A second unexpected effect in this study was the triggering at GS13 of additional RLD when both N and P were applied to the Vertosol. It is not clear why N in the presence of P would increase RLD, when N alone had no effect, despite the later marked response to N at GS30. A similar marked increase in root length in response to both N and P fertiliser was found by Weligama et al. (2008). In fact, studies of root proliferation in response to N that have been done in a rich background of P, or vice versa, may have been examining the same synergistic response. Tennant (1976) found delays in the initiation and early growth of nodal roots when wheat plants were deprived of either N or P, compared with plants supplied with both nutrients. The delay effect was more severe in plants deprived of P and the same mechanism may have operated in this study. Additional N in a P-responsive situation may therefore have sped up the initiation of roots. An early maximisation of RLD may be an important factor in the competition between plants to exploit soil resources (Robinson 1996; Hodge et al. 2000; Lynch and Ho 2005). Faster initiation of basically the same root system, rather than a specific alteration in the structure of the root system (such as more very fine roots), explains why the root diameter distributions did not change when the plants responded to fertiliser at GS13.
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In contrast to GS13, shoots and roots of wheat responded strongly to N fertiliser later in the season at GS30, although there was no additional response when P fertiliser was also applied. There was also no growth response to P (without N) at GS30 and the relatively small changes in the root systems at GS13 evidently conferred no advantage to later growth. Instead, the fertiliser response at GS30 was as if only N had been applied and total P uptake was determined by the N response and ultimately RLD, as has been found in other studies (Solaiman et al. 2007).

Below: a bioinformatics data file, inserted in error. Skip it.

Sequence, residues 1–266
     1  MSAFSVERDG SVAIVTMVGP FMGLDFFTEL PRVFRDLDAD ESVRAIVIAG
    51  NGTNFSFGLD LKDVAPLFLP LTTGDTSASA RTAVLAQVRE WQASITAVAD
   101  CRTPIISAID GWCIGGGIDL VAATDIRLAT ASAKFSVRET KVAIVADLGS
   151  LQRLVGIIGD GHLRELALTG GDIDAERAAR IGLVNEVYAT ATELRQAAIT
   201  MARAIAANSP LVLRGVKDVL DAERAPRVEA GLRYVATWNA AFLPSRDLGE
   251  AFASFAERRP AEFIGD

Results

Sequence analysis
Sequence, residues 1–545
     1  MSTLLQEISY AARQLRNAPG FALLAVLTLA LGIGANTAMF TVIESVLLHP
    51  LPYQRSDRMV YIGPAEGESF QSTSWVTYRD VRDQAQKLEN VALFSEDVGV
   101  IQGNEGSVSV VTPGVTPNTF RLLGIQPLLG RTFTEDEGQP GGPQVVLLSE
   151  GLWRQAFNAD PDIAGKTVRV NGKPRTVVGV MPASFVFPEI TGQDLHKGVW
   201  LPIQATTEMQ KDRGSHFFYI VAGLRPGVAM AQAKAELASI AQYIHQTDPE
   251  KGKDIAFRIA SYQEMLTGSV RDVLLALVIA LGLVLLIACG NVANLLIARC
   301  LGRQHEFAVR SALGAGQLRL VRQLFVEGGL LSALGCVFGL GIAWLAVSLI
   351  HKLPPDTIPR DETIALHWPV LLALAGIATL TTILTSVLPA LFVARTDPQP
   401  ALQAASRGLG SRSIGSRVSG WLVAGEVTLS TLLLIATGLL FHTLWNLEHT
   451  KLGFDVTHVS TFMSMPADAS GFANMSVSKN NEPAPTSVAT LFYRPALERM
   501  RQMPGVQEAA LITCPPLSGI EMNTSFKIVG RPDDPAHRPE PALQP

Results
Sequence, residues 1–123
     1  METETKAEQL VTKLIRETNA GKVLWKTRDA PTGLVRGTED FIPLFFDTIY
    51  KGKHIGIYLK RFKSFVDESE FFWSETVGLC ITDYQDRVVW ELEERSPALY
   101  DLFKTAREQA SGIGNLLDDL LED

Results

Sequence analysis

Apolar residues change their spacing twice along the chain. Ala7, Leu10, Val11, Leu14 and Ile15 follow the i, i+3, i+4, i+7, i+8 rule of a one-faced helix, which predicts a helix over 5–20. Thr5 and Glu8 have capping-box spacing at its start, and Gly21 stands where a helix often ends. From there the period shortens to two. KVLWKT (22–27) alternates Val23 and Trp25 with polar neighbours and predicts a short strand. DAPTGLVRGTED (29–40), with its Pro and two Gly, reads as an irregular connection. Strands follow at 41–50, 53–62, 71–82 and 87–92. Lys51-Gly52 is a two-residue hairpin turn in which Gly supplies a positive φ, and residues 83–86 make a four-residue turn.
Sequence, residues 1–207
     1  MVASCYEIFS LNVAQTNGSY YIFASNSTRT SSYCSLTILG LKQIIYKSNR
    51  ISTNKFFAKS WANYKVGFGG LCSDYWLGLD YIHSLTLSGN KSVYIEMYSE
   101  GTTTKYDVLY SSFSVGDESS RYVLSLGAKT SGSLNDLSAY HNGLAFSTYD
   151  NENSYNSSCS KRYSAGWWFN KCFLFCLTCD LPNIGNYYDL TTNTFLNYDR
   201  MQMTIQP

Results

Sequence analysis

The root response to N at GS30 also consisted of a generalised increase in root length in the topsoil. Once again, this was not the expected specific response to N, rather it appeared to be a continuation of the rapid expansion of roots in the topsoil that is the expected root growth pattern of wheat at this growth stage (Belford et al. 1987). Plant-available nitrate in the soil is very mobile, and when sufficiently supplied, it is most efficiently acquired by the rapid extension of roots that increase the root surface area within a soil volume, or by manipulation of the influx rate, rather than by an increase in the surface area contacting the fertilised zone (Robinson et al. 1994; Robinson 2001; Dunbabin et al. 2003b). Therefore, an increase in root length was expected, but lower in the profile as the plant roots responded to the leaching of nitrate. A change in the root diameter distribution was also expected because the plant would be extending existing (possibly axial) roots, rather than extending new roots. However, in this study, the increase in root length in response to N occurred in the topsoil, not the subsoil, and root diameter decreased, as the majority of roots produced were of relatively fine diameter. Approximately 60% of the root length consisted of relatively fine-diameter roots (100-250 [micro]m) at GS30, regardless of fertiliser treatment and the changes in RLD, which probably indicated an increase in the initiation of lateral roots. Qin et al. (2004) also found that the diameter class distribution of mature wheat roots was relatively insensitive to agronomic treatments.